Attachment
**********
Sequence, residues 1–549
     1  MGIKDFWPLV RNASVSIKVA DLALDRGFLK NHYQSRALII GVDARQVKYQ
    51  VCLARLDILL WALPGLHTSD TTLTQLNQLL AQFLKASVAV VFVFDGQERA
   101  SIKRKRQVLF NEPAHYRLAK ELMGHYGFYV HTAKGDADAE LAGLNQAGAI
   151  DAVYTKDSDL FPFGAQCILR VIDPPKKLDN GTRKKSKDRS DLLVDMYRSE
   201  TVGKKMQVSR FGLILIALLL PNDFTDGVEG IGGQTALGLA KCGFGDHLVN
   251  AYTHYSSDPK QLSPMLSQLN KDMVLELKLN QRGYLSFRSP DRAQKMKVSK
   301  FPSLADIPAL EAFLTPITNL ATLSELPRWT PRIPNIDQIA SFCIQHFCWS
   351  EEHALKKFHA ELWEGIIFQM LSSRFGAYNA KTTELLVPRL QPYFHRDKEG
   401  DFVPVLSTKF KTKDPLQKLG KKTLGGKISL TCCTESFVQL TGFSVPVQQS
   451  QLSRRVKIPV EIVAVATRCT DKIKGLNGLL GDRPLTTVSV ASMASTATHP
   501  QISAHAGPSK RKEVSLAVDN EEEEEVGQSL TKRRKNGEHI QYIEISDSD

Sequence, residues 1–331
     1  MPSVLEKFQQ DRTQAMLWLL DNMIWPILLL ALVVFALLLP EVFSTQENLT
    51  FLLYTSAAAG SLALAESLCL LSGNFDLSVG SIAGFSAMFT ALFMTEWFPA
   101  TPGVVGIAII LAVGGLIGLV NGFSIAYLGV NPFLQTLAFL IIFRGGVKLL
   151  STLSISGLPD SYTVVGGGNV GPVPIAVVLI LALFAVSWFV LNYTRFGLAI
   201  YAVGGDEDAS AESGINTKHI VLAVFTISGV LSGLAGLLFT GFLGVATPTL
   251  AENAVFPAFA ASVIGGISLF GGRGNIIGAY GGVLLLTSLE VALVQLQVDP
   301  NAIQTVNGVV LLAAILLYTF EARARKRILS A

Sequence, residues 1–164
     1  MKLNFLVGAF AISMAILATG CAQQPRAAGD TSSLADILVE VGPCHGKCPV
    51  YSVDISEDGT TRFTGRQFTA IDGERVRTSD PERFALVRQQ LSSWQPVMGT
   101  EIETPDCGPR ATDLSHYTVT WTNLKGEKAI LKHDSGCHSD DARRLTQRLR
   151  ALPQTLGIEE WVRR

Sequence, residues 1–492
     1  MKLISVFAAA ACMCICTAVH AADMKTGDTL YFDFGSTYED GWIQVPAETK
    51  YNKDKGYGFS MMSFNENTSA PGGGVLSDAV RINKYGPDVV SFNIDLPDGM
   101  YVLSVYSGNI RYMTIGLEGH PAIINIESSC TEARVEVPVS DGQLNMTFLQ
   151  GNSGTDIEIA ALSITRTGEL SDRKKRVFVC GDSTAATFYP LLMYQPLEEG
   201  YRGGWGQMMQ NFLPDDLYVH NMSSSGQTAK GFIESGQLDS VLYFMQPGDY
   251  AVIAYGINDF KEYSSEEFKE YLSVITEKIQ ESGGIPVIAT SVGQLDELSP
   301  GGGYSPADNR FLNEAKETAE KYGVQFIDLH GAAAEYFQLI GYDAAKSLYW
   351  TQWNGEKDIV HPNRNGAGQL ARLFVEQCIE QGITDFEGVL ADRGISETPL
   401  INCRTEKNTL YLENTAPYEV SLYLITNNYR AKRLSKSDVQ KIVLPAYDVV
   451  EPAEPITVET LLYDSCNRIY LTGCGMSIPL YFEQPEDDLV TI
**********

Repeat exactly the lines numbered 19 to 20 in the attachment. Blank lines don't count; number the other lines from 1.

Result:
   251  AENAVFPAFA ASVIGGISLF GGRGNIIGAY GGVLLLTSLE VALVQLQVDP
   301  NAIQTVNGVV LLAAILLYTF EARARKRILS A